Whether you are an experienced natural or someone who is just embarking on their journey, we all go through the growing pains of learning how to properly care for our hair. And boy, talk about a lot to learn! I mean – there is discovering what products to use, what tools to use, should we even use tools, how often to trim, the over use of heat, and the list goes on and on. Don’t even get me started on the laundry list of styling options. The possibilities are truly endless! I know you are probably thinking, how in the world can I tackle all of this? Don’t worry, fellow curlfriends, we’ve got you covered.
What better way to start off on our quest for knowledge than with the age-old debate of hot water versus cold water?
In my almost two years of transitioning (I know two years seems like an eternity), I have heard absolutely everything about this topic. Here are just a few snippets of the chatter that’s been circling around:
- Washing with hot water is better because it removes build up
- Not washing with warm water is better because it won’t damage the hair’s cuticle
- It doesn’t matter what the temperature is because it’s all based on the circular motions you make with the pads of your fingers that gets your hair clean
With back and forth like this, I had no clear-cut answer. All in all, it was getting very confusing. So what’s a girl to do, you ask? I took to the Internet to get the full scoop as well as enlisting the help of my dear friend and stylist, Ziggy Mulugeta of Ziggy Artistry Salon.
Pro: Great for cleansing
Whether you are co-washing or love a good clarifying shampoo, hot water can be very beneficial. The heat and steam helps open up the pores and lift the hair’s cuticles. This allows for easy exfoliation of the scalp and cleansing of the hair shaft. At this stage, your shampoo or cleansing conditioner can be readily absorbed and therefore will leave your hair feeling nice and clean.
Con: Causes frizz.
With the cuticles now lifted, it is much easier for moisture to escape. This can leave your hair in a frizzy state. To help keep the hair frizz free, it is important that it is thoroughly moisturized. Unfortunately, this is difficult to do when hot water’s job is to remove dirt from your hair and scalp. It does so without discrimination. So when the dirt is stripped, so is all of your moisture.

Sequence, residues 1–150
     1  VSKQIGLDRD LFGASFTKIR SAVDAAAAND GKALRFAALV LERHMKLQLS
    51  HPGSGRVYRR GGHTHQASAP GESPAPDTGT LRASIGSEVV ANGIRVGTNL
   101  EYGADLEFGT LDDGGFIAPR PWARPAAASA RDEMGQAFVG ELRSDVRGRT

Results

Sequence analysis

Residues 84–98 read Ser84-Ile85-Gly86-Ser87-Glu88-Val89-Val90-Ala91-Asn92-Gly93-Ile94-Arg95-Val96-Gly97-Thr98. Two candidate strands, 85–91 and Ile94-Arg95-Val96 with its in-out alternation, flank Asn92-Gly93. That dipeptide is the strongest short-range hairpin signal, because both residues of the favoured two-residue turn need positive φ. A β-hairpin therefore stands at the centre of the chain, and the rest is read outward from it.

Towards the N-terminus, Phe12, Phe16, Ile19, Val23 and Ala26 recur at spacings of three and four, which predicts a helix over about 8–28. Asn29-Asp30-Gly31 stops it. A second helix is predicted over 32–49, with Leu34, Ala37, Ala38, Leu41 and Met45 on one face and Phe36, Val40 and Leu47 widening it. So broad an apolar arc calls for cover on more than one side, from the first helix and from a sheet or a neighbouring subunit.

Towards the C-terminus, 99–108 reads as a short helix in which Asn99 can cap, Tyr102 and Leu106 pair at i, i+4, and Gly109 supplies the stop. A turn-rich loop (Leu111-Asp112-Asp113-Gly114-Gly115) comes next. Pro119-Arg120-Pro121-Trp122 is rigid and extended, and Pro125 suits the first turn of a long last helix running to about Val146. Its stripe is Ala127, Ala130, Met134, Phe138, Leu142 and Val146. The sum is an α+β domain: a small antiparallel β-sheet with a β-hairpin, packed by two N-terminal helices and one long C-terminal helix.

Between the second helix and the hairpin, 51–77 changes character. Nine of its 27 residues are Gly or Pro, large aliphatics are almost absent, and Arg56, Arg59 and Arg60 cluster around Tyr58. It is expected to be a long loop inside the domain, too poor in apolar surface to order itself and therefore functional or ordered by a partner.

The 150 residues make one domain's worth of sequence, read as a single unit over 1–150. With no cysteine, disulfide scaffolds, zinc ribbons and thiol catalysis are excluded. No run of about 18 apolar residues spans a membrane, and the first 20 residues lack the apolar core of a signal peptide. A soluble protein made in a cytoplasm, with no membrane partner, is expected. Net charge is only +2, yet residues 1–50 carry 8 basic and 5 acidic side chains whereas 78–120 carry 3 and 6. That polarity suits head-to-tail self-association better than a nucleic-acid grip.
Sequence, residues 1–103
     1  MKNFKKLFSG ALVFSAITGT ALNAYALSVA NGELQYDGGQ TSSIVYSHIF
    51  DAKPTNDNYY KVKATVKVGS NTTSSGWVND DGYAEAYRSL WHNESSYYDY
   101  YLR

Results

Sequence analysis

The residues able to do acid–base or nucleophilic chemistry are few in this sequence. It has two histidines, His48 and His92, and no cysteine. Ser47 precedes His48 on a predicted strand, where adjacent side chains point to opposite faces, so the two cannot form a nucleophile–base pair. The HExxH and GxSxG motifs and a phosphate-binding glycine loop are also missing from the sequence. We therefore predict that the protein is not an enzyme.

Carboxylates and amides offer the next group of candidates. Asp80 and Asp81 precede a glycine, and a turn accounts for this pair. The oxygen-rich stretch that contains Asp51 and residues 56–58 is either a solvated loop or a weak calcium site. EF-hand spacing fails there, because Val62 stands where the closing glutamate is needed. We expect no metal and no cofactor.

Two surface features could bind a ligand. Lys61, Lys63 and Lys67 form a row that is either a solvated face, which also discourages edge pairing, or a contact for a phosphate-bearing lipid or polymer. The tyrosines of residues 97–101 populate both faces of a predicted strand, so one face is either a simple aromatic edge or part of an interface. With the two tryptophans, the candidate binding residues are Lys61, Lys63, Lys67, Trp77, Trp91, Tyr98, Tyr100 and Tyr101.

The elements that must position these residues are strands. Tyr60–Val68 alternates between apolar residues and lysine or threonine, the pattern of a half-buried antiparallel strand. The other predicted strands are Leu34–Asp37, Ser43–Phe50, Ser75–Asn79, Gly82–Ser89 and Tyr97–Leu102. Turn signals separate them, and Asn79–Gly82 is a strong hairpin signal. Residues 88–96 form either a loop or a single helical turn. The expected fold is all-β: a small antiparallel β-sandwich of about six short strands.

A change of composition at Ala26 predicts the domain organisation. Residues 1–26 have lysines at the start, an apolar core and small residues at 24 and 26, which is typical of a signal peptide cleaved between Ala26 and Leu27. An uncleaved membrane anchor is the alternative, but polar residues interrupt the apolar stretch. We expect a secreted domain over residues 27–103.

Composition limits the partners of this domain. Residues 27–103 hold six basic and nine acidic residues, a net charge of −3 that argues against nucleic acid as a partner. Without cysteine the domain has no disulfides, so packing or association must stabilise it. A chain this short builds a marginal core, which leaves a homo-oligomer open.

Pro: Seals in moisture
Cold water works wonders when it comes to sealing in moisture. Just as hot water opens the pores and lifts the cuticles, cold water does just the opposite. This makes it a key step in the sealing process. After applying conditioner, try rinsing your hair with cold water and see if you notice a difference.
Pro: Adds shine.
With closed cuticles and locked in moisture, your hair will be left with a beautiful natural shine (or sheen for my type 4 curls). Cold water is also less drying and helps to retain your hair’s natural oil, sebum. Sebum, produced by the sebaceous glands in the scalp, help to keep your hair strong, and full of shine which are the corner stones to healthy luxurious hair.
Con: Flattens hair.
If you are a thin hair naturalista, this could be your worst nightmare. Since cold water closes the cuticles, it also flattens the hair. For those that seek volume with a splash of Erykah Badu (I know I do), cold water rinsing may leave much to be desired. I suggest testing this technique out a couple of times and then deciding what works best for you.
Q: What’s the best way to wash your hair?
A: “Warm water is best when cleansing your hair. It allows for just enough hot water to make sure that all the dirt and build up is being thoroughly removed but doesn’t leave your hair feeling stripped.”
Q: Seeking shiny frizz free hair?
A: Ziggy suggests rinsing your hair in cold water. “It helps to seal in the moisture by closing the hair’s cuticles and it doesn’t have the same drying properties as hot water.”
Ziggy Artistry Salon Nanuet, NY
Hairstylist (specializing in natural hair) for 13 years